As much as we think they’re keeping the economic engine alive, executives make more aberrational conclusions than Trump on a good day.

In the corporate theatre, things aren’t any better. As much as we think they’re keeping the economic engine alive, executives make come to more illogical conclusions than Trump on a good day.

Years ago, one of the biggest banks asked our agency to develop an employee moral campaign. Over in Europe, a number of financial institutions were using town meetings. Employees from each branch were brought together and asked what could be done to improve customer service.

Many of these suggestions were instrumental in bringing in new accounts and growing existing ones. Profits soared, employees got benefits, CEOs smoked cigars.

When we brought a similar idea to the bank, the Director of Marketing piped up, saying, “We’re not trying to sweetheart our staff. Why can’t we give’m toasters?”

“I’ve got a great idea for a fantasy novel about a warlord turned wizard turned reincarnated punk rocker. Anyone want to write this for me?”

A lot of people laughed at that. Even the Director of Marketing thought it was pretty funny. He wasn’t kidding, though. Right after we left, he was on the phone to another agency, probably with the same idea.

Yet if we weren’t so illogical or silly, what would we do with ourselves? Who would fill Facebook which such nuggets as “I’ve got a great idea for a fantasy novel about a warlord turned wizard turned reincarnated punk rocker. Anyone want to write this for me?”

Then there was the woman who asked “Does anybody know a good proofreader who’ll work for free?” A guy wrote back, “Did you write your novel for free?” “Yes, I did,” she replied. “Okay, I’ll do it,” he said.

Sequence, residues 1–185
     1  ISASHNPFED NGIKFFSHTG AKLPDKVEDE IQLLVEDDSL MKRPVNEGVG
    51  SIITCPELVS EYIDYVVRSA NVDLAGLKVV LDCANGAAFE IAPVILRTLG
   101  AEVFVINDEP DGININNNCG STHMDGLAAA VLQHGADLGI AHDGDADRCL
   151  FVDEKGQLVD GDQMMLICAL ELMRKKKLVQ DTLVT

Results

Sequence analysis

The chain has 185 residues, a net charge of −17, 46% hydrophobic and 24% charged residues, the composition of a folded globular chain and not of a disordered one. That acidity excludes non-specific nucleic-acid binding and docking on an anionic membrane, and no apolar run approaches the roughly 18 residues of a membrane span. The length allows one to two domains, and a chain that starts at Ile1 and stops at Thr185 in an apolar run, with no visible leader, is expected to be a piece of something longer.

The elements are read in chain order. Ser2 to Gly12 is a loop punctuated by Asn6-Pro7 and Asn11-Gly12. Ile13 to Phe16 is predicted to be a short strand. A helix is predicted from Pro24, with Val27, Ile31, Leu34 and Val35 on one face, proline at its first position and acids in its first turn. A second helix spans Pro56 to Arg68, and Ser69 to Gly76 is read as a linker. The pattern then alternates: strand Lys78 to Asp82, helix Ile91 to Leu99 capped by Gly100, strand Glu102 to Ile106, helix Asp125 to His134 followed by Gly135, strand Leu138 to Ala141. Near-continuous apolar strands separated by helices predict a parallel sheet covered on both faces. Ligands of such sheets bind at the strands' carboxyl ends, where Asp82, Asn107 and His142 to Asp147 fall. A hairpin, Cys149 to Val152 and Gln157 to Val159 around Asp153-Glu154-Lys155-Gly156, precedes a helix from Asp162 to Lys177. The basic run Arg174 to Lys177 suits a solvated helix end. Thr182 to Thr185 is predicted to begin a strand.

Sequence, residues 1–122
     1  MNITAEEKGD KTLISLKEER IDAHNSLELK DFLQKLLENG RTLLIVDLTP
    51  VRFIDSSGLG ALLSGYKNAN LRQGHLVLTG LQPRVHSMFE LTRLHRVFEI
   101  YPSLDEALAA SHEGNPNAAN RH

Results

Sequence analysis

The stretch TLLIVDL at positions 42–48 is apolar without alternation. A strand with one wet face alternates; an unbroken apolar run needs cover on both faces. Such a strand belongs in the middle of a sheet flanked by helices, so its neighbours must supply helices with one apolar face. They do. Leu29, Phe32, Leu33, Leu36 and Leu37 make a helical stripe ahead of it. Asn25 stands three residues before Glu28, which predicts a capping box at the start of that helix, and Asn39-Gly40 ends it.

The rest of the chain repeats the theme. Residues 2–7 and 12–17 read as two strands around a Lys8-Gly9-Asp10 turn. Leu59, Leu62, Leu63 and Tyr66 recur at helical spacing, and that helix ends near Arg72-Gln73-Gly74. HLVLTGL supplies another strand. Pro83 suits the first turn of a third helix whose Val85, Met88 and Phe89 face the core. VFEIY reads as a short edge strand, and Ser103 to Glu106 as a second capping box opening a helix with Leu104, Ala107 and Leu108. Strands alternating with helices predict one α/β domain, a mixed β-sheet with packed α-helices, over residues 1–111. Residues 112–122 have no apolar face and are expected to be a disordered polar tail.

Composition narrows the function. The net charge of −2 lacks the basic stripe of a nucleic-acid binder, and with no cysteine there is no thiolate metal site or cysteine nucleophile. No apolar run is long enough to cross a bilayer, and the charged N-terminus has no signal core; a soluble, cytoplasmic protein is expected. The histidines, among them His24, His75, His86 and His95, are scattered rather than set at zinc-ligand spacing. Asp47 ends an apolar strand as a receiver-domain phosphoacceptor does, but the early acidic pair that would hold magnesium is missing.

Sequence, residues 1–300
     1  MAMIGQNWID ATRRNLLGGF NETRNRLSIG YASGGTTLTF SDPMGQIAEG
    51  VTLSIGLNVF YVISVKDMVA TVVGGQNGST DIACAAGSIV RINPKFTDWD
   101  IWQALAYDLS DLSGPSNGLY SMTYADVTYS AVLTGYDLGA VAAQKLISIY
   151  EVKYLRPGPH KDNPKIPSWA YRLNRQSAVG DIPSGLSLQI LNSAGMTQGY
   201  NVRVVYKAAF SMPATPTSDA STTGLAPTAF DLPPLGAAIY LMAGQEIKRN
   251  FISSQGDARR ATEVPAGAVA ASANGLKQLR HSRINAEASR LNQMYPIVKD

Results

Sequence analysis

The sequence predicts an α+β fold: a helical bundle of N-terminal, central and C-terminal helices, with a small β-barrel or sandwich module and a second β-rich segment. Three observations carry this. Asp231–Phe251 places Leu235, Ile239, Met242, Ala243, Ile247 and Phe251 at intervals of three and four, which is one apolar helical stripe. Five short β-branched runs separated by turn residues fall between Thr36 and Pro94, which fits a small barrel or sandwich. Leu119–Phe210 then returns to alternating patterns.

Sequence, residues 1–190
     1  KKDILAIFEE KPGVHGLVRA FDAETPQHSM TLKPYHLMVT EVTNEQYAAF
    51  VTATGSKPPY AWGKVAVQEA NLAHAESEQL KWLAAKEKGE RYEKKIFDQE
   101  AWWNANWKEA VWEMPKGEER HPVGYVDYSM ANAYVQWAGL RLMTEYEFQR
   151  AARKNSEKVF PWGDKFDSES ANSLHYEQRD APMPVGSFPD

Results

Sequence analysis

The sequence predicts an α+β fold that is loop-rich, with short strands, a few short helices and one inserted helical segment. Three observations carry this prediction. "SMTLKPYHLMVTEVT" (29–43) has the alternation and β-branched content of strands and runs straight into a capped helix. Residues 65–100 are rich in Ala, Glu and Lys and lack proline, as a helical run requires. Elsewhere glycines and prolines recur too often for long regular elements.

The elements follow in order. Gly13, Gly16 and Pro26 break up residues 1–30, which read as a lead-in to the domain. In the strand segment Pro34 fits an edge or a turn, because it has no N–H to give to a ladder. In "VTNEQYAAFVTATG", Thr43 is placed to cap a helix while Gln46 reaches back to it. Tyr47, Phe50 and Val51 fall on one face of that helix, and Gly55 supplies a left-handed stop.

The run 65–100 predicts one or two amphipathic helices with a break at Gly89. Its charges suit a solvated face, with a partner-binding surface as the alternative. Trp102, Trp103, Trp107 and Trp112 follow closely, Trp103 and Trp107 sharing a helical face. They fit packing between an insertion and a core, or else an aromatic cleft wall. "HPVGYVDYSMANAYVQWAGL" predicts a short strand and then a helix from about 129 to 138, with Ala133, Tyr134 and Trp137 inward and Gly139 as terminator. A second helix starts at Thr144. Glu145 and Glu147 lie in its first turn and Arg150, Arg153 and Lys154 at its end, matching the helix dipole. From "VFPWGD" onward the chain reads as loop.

When Trump says he thinks he can “do business with Kim Jong-un,” it throws a lot of Americans into a state of confusion.

My favourite was the woman on a dating site who listed all the wonderful things she had, including a loving family, a great house and a spanking new car. “I await you to join my incredible life,” she wrote.

I’m sure she has a wonderful family, and who doesn’t love a spanking new car? But it’s hard to imagine her life being that incredible, given she probably doesn’t know where North Korea is on a map, either, and doesn’t care, since it’s North Korea, and there’s nothing she needs from North Korea.

When Trump says he thinks he can “do business with Kim Jong-un,” it throws a lot of Americans into a state of confusion. If we’ve never needed North Korea for anything before, why now? And what’s all this shit about stability and global security?

“Being nice to Kim Jong-un means he won’t dump a nuclear bomb in our back yards,” Trump could say, which makes sense, even to a woman who has an “incredible life.” That incredible life could end pretty damn quick if a nuclear nuclear bomb fell on Chicago, so sure, make nice with Jong-un, and tell him to get a decent haircut and maybe lose a few pounds.

Everyone loves a pep talk, especially in these troubled times, when nobody’s sure if dogs look at eclipses or not.

“It’s a troublesome world,” Dr. Seuss once said, in “Did I Ever Tell You How Lucky You Are?” He believed in brain enemas, too, but more of the spiritual kind. Rather than go fishing around our craniums, he figured we just need a little pep talk.

Everyone loves a pep talk, especially in these troubled times, when North Korea could be confused with Alaska, and nobody’s sure if dogs look at eclipses or not.

So let’s learn a bit from the Good Doctor. It’s not like we’re going to read the whole book, and a few words of inspiration might go nice with our coffees, wonderful families, and shiny new cars:

Just tell yourself, Duckie, you’re really quite lucky! Some people are much more, oh, ever so much more, oh, muchly much-much more unlucky than you!

Robert Cormack is a novelist, children’s author and blogger. His first novel “You Can Lead a Horse to Water (But You Can’t Make It Scuba Dive)” is available online and at most major bookstores (now in paperback). Check out Yucca Publishing or Skyhorse Press for more details.

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I did a poor imitation of Don Draper for 40 years before writing my first novel. I'm currently in the final stages of a children's book. Lucky me.